Montessori stacking silicone toys on a handmade wooden shelf hung up on a wall

Montessori at Home PT1

Montessori At Home (pt 1)

 So, you have read our previous articles about what Montessori is and the benefits of it (if you have not, make sure to catch up here). Now it is time talk about Montessori at home, ideas and how to set it up so you can start implementing it to your child(ren) from the newborn stage to toddlerhood and eventually their older years.

Maria Montessori, an Italian physician and child expert, worked closely with children of all ages. She discovered that all children are unique in their own way and that each child learned differently and showed different interests for different things and activities. Therefore, Maria Montessori created a way to incorporate children of all ages in one room and present them with different activities tailored to each and one of them. She emphasized that children were in charged of their own learning and interaction with the environment. She created activities and ideas about how the Montessori method could be implemented at home.

A whote babybsized furniture with montessori toys, activities and gooks in the living room


Since Montessori requires simple things with simple activities, normally Montessori can be set up at home without a problem or spending too much money. There is no need to make our homes look like a Montessori classroom, we just need a space or area to make the baby feel special and have his/her own space. These are some of the things that can get you started for a Montessori baby and toddler (normally 0 to 12 months and 12 to 36):

  • A quilted cushion, or something well-padded of your baby to rest on it or do tummy time.
  • A “Moses Basket” (normally for when babies can’t sit on their own yet)
  • A low mattress for sleeping/ or Montessori bed/ floor bed.
  • A floor mat for movement.
  • A long horizontal mirror in the movement area.
  • A place to hang a mobile.
  • A low shelf to display simple activities and wooden toys.
  • A low table for eating (once the baby can sit and eat on their own, normally 7 or months and up)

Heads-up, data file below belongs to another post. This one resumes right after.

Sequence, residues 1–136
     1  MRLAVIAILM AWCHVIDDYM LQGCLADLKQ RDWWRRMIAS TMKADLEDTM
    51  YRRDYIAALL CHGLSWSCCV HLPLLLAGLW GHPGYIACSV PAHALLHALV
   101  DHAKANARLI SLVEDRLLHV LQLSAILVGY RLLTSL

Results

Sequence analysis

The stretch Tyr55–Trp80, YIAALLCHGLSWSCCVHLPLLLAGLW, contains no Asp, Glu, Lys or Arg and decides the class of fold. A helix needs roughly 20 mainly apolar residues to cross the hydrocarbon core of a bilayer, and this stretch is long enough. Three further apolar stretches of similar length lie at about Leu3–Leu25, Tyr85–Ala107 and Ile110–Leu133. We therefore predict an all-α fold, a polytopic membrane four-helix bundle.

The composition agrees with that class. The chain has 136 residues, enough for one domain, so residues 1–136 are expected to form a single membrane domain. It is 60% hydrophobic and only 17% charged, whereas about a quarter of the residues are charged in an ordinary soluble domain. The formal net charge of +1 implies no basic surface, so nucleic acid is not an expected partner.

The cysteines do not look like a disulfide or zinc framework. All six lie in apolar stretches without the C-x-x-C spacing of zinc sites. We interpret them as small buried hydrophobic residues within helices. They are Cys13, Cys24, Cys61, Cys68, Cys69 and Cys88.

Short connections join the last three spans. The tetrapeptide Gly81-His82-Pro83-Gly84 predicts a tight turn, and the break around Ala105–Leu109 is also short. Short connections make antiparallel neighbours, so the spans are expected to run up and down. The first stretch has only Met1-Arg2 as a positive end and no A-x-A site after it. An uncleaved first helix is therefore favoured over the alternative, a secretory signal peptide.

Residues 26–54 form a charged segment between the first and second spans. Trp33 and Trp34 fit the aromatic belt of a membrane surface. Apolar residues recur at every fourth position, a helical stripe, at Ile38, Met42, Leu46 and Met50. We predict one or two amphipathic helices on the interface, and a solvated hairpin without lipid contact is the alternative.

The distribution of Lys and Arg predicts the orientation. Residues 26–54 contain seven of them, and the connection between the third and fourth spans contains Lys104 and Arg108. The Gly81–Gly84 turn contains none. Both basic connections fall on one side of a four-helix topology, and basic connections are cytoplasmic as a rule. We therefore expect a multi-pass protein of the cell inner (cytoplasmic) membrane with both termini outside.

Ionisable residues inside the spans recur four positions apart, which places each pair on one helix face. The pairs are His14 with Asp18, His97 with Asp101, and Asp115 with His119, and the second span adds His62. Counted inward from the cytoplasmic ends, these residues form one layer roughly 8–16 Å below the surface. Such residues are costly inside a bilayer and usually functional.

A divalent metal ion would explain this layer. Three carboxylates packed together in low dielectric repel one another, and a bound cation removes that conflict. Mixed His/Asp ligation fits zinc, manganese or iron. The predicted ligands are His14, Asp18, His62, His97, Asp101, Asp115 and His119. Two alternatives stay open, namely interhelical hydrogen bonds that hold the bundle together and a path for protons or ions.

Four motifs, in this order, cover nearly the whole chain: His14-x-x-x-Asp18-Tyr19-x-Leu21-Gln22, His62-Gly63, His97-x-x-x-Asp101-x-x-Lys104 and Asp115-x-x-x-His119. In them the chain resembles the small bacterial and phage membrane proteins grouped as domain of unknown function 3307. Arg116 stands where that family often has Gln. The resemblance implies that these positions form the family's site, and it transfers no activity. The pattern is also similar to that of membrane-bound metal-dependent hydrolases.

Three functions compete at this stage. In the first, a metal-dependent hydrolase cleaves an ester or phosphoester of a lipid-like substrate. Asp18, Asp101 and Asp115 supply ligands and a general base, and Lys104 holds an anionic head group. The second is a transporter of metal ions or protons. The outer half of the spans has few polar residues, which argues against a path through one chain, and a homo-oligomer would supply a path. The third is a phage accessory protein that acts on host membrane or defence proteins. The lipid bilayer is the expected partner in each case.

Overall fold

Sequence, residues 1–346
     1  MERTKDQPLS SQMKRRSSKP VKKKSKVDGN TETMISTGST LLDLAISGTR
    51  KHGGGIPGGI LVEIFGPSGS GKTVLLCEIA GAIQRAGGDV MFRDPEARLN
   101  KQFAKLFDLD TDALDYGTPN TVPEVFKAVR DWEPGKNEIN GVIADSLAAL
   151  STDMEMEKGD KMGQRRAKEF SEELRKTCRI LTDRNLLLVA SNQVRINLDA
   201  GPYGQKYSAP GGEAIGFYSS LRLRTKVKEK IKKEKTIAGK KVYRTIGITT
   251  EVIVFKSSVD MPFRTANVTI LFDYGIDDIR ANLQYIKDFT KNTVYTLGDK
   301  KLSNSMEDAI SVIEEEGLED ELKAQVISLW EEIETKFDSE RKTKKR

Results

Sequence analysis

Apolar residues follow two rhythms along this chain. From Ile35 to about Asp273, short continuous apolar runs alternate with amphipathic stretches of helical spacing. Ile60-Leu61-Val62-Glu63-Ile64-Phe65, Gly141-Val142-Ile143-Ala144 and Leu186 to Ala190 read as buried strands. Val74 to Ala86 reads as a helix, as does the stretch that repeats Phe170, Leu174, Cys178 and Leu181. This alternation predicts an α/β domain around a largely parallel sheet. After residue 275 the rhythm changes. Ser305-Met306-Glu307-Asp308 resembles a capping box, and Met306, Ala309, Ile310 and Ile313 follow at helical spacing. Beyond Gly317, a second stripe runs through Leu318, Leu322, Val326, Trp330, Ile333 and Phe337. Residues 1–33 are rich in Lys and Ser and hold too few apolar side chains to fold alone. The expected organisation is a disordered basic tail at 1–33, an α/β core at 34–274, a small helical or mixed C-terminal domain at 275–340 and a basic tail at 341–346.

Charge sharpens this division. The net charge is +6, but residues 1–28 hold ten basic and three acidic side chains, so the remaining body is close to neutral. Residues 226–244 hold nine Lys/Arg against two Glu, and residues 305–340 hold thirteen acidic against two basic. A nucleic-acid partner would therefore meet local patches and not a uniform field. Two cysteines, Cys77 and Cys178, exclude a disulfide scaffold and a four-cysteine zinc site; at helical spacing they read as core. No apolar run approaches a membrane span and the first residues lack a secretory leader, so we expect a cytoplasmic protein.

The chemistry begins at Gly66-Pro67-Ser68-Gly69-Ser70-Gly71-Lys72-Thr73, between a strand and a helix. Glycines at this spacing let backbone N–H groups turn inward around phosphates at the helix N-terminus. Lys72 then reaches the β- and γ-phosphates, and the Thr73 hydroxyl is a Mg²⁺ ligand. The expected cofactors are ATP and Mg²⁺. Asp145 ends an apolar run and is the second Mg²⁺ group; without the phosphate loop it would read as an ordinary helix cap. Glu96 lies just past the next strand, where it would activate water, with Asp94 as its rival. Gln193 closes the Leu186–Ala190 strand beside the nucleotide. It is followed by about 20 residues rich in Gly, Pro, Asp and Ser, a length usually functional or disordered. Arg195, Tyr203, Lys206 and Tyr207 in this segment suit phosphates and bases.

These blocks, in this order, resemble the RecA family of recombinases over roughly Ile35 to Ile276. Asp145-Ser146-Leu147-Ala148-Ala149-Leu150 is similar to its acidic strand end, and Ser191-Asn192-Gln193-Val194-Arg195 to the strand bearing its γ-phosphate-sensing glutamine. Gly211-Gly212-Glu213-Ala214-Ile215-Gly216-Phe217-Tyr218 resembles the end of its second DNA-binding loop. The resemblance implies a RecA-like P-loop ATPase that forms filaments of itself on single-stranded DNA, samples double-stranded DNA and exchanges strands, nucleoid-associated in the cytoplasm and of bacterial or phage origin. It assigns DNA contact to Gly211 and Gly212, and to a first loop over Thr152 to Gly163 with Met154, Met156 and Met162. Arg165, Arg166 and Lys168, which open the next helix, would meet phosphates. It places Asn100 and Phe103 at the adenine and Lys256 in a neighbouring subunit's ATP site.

Mwooden and silicone montessori baby toys on a baby sized furniture at home


Now, that we have the basic things to get us started, let’s begin by choosing a space in our home that can serve as an area for our baby or child to freely explore and play with activities. It does not have to be a very big area (after all we are just starting) and does not require a lot of things. Montessori education supports the idea that simples and less are more. We do not want to overstimulate or overwhelm our baby or child to the point that they will lose interest in the activities or become confused and frustrated.

The Montessori education emphasizes the idea of letting the child explore his/her environment freely; therefore, we should create a “yes” space in our home. A “yes” space it is an area where we are okay with the baby or child reaching and touching everything with little intervention from the adult saying “no”, “don’t do that, don’t touch that or be careful”. So, we have to remove any obstacles that can obstruct the babies learning. The Montessori approach tends to avoid using playpens, baby boxes, or cribs as they constrain the baby’s movements and exploration. The only time you should use a playpen is when parents are ironing, cooking or going to the bathroom. We will be discussing more in our next article ways to set up different areas of our home in a Montessori style to aid our children during their learning experience, and type of activities.


A hand made wooden hanging shelf with montessori baby toys on it hung on the wall


To sum up, the idea of setting up a Montessori environment at home is not to replicate that of a Montessori classroom. Instead, the idea is to use an area of our home where we can create a “yes” space for our babies and children to explore, learn, play and develop their skills. The Montessori approach embraces the idea that less is more, so setting up a Montessori environment at home should only require simple things and activities that will not break the bank or overwhelm our children.

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Stay tuned for our next article "Montessori at Home Pt2".

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